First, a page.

Megan Griffey; UMKC PharmD Candidate, Class of 2018,
Diane McClaskey, RPh, BCPS: Assistant Director of Experiential Learning-UMKC at MSU,
Valerie Ruehter, PharmD, BCPP; Director of Experiential Learning-UMKC
The role of a pharmacist in the health care system continues to evolve at a rapid pace. Pharmacists are becoming more involved in every aspect of patient care. While, many pharmacists across the nation may be utilizing the similar guidelines, dosing protocols, and thought processes, until 2014 there was not an agreed upon consistent patient care process. The vision of the Joint Commission of Pharmacy Practitioners (JCPP) is to see patients achieve optimal health and medication outcomes with pharmacists as essential and accountable providers within patient-centered, team-based healthcare. The JCPP, seeing a need for consistency in the profession, developed the standardized Pharmacists’ Patient Care Process (PPCP).
The PPCP was developed to be a contemporary and comprehensive approach to promote consistency across the profession and encourage collaboration with other members of the health-care team. The PPCP is applicable to a variety of patient care services and provides a framework for delivering patient care in any setting. An active patient-pharmacist relationship and open effective communication with patients, family and caregivers are vital components to patient-centered care. Pharmacists must continuously collaborate and communicate with other health care providers and provide thorough documentation to ensure patients receive optimal care. The patient care process can be further improved by efficient interoperable information technology systems.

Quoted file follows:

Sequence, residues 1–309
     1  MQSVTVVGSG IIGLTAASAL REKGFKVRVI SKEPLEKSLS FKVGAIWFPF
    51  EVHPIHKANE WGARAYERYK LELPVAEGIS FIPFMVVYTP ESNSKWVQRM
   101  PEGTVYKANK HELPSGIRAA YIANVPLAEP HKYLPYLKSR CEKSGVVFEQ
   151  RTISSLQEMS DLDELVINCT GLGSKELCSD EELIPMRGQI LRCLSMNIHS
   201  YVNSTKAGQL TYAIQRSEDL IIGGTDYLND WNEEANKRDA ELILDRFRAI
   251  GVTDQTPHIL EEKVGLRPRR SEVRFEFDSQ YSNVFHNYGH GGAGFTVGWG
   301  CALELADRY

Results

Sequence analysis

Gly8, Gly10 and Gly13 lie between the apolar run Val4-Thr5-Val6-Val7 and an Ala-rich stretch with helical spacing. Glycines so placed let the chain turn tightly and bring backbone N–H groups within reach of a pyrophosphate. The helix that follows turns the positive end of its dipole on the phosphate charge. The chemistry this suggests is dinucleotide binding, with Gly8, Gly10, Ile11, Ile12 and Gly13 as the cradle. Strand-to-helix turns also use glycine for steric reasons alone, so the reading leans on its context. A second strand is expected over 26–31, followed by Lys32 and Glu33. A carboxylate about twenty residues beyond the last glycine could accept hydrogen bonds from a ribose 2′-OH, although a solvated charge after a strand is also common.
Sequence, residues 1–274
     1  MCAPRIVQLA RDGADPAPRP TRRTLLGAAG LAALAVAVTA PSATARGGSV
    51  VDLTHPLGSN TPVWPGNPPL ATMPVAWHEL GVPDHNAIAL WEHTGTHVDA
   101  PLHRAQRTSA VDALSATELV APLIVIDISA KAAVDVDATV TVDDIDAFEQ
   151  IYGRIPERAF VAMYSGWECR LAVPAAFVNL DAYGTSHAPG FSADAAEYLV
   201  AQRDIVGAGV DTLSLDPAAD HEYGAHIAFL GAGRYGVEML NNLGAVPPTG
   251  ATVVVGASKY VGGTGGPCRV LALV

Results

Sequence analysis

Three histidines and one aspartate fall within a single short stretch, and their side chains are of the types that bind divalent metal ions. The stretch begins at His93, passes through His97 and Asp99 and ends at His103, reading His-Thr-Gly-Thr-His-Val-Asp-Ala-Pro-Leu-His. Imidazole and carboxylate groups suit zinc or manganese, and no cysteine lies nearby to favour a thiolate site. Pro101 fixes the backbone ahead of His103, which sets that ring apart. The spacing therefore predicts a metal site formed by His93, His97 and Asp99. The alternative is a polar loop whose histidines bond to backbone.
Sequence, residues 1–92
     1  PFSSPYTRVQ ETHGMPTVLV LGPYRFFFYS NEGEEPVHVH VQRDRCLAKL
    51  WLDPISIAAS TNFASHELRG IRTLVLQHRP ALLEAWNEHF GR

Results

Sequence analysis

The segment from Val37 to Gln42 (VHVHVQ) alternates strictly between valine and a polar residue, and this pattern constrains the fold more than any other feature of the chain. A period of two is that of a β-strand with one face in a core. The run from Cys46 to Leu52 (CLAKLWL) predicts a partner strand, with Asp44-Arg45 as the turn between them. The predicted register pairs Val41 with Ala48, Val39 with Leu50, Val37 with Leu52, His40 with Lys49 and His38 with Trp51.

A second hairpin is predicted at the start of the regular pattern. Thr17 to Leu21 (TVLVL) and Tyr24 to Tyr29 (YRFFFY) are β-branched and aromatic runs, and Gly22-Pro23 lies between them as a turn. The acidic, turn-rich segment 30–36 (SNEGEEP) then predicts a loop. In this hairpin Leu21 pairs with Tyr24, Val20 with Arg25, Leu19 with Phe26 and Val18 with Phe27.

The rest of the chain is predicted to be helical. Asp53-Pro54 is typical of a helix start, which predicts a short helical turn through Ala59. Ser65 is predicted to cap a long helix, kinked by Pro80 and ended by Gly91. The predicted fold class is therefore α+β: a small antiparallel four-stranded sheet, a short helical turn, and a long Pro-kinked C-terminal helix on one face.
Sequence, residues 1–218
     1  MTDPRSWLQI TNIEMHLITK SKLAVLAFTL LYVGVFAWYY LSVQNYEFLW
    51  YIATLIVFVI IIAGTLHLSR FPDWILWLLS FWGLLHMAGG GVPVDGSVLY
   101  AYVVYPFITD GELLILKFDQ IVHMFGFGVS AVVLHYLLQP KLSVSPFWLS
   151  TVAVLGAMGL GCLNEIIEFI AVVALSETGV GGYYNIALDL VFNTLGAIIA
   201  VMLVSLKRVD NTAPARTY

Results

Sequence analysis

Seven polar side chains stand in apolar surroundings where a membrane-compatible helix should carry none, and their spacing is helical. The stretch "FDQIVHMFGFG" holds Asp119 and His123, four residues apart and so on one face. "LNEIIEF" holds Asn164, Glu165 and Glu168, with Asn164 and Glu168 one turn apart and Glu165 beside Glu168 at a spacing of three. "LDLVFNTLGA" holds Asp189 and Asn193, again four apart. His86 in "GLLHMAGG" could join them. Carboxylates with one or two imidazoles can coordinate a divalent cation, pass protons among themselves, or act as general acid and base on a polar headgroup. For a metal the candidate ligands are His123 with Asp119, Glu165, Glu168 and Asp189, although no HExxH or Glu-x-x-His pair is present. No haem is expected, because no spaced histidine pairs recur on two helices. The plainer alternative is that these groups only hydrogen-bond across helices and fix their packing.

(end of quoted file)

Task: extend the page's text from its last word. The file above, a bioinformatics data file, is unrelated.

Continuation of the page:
The Pharmacists’ Patient Care Process
Collect: The pharmacist assures the collection of necessary subjective and objective information about the patient in order to understand the relevant medical/medication history and clinical status of the patient.
Assess: The pharmacist assesses the information collected and analyzes the clinical effects of the patient’s therapy in the context of the patient’s overall health goals in order to identify and prioritize problems and achieve optimal care.
Plan: The pharmacist develops an individualized patient-centered care plan, in collaboration with other health care professionals and the patient or caregiver that is evidence-based and cost-effective.
Implement: The pharmacist implements the care plan in collaboration with other healthcare professionals and the patient or caregiver.
Follow-up (Monitor and Evaluate): The pharmacist monitors and evaluates the effectiveness of the care plan and modifies the plan in collaboration with other health care professionals and the patient or caregiver as needed.